West Falls Church on track for $1.2 billion transformation
Developers are expected to break ground this month on the first of three mixed-use projects near the West Falls Church Metro station with a total investment of about $1.2 billion.
Each piece comes together to complete a puzzle that will transform about 40 acres of vacant land, parking lots and Virginia Tech’s Northern Virginia Center into a live-work-play destination comprising more than 3.2 million square feet that officials say will ease traffic, increase pedestrian safety and boost the economies of Falls Church and Fairfax County.
A 2020 presentation estimated the projects could generate $17.5 million in annual state taxes while creating 3,600 jobs.
Falls Church’s George Mason High School was demolished and replaced by the nearby Meridian High School to make way for the first development, which is scheduled to break ground in mid-May. Bordered by State Route 7 and Haycock Road, the 10-acre, 1.4 million-square-foot project is being developed by Washington, D.C.-based Hoffman & Associates and Bethesda, Maryland-based EYA LLC. It will include 326,100 square feet of office space, a 146-room hotel, 215 senior housing units and as many as 647 condos and apartments. It also will feature more than 140,00 square feet of retail, including a grocery store.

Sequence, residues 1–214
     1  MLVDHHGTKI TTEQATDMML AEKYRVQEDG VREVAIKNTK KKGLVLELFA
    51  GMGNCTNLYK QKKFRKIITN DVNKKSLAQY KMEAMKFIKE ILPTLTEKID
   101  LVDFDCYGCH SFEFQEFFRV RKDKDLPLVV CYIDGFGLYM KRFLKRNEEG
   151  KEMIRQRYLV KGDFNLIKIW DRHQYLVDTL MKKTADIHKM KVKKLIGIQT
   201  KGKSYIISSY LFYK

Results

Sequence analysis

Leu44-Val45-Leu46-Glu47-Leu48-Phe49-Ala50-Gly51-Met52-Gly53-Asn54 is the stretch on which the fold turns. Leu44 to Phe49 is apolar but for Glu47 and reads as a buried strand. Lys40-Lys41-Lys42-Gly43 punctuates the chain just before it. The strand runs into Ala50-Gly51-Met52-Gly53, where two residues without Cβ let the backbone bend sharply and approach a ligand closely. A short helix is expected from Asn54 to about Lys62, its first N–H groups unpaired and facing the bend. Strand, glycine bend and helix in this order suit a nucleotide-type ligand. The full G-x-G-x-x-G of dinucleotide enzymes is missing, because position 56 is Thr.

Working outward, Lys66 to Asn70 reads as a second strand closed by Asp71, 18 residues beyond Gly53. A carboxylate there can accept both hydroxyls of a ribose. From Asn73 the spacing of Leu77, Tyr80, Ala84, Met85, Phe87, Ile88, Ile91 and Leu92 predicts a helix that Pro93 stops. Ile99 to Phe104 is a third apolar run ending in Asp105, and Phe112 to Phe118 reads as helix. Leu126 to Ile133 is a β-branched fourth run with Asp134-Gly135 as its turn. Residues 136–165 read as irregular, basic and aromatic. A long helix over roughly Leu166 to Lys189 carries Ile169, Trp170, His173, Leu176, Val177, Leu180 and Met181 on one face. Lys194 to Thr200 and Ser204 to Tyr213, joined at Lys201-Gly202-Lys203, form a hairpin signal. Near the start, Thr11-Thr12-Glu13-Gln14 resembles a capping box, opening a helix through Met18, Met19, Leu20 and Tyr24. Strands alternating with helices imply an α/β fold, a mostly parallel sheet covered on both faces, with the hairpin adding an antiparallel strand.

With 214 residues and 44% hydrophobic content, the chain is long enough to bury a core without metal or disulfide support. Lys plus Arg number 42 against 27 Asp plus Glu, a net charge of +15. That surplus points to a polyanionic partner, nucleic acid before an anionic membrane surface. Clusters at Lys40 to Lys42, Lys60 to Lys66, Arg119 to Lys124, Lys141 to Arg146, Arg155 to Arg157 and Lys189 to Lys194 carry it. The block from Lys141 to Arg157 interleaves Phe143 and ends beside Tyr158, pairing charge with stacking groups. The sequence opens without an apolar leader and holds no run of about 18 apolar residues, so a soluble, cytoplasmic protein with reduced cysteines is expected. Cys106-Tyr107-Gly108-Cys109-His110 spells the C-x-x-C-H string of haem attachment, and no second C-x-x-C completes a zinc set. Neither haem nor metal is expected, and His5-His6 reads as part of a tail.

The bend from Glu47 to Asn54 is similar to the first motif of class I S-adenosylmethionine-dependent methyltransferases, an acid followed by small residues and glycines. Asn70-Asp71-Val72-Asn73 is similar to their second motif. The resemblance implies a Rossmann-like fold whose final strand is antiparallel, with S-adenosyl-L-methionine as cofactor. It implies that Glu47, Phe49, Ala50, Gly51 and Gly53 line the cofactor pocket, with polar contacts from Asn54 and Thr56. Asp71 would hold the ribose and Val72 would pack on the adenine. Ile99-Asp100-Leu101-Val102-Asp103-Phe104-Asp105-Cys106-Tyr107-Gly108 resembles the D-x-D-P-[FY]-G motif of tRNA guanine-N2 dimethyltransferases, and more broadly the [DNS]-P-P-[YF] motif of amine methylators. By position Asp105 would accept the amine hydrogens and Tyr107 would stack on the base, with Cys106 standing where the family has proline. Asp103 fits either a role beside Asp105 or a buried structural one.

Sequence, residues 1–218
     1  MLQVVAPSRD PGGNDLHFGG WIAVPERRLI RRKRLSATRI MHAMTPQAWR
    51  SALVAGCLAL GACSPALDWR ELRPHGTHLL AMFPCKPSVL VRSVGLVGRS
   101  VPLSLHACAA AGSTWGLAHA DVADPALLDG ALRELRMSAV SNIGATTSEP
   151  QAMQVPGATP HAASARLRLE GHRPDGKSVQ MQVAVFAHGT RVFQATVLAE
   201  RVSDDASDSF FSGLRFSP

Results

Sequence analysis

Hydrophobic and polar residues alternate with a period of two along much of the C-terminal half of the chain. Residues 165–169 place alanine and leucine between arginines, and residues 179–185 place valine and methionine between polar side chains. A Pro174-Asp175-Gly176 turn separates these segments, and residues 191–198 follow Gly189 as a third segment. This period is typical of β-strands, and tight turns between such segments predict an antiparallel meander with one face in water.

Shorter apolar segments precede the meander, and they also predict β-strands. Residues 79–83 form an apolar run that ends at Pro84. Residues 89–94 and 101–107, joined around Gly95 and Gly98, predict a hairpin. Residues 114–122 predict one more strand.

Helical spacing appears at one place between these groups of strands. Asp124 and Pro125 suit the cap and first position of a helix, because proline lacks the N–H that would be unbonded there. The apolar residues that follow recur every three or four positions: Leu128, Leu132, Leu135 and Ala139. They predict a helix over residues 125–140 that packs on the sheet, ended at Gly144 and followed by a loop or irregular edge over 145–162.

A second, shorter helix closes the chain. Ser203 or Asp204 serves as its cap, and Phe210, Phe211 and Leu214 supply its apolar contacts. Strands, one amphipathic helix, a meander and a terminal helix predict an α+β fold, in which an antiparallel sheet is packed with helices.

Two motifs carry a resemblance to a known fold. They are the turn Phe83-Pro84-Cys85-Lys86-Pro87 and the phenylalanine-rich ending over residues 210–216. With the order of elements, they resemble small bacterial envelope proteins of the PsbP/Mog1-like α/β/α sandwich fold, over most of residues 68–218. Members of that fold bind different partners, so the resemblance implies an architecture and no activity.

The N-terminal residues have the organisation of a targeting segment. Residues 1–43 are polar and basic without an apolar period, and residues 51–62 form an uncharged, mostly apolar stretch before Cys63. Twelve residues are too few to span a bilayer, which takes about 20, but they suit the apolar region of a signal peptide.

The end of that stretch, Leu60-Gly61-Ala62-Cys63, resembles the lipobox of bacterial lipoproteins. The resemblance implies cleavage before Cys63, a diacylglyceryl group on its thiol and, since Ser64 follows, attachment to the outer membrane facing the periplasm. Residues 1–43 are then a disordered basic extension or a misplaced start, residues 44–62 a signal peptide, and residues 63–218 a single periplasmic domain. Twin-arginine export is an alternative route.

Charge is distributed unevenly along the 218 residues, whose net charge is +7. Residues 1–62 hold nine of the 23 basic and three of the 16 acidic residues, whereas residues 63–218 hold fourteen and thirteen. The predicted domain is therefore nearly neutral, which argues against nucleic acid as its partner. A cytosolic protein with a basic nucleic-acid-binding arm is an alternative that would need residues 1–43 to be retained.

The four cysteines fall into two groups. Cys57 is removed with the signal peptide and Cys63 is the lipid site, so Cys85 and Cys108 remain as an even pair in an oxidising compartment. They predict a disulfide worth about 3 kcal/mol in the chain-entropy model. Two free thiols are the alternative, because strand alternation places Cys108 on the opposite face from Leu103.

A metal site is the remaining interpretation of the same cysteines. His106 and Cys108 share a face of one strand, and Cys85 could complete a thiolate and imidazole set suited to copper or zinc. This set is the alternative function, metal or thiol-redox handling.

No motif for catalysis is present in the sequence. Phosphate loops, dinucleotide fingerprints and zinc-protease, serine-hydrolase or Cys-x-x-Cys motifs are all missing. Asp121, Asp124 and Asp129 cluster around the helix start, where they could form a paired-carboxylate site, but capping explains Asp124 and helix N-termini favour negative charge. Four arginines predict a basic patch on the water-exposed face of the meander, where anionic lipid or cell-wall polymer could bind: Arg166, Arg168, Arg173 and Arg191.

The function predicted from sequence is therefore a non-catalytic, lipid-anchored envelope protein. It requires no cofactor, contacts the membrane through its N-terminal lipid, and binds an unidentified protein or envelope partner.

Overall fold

The second project aims to transform 24 acres owned by the Washington Metropolitan Area Transit Authority abutting Route 66 at its West Falls Church station into 900 housing units, along with 110,000 square feet of office space and 10,000 square feet of retail, comprising more than 1 million square feet. Hoffman and EYA are developing it with Falls Church-based Rushmark Properties LLC. If it receives expected county approval, construction could begin in 18 to 24 months.
“This was a station losing money, didn’t have enough people using it, and now it will have an identity,” says James Snyder, Falls Church’s director of community planning and economic development services.
The final project received the green light in April when Virginia Tech announced it would convey its Northern Virginia Center, home to administrative offices and several academic programs, to Falls Church’s city government for redevelopment. While details remained undetermined as of press time, it will include a new corporate headquarters for Falls Church-based national construction firm Hitt Contracting Inc. and a Virginia Tech innovation lab for testing smart city technologies. The project is being developed by Rushmark.
A previously proposed redevelopment plan for the site included 275,000 square feet of office space, 450,000 square feet of residential and 100,000 square feet of academic space.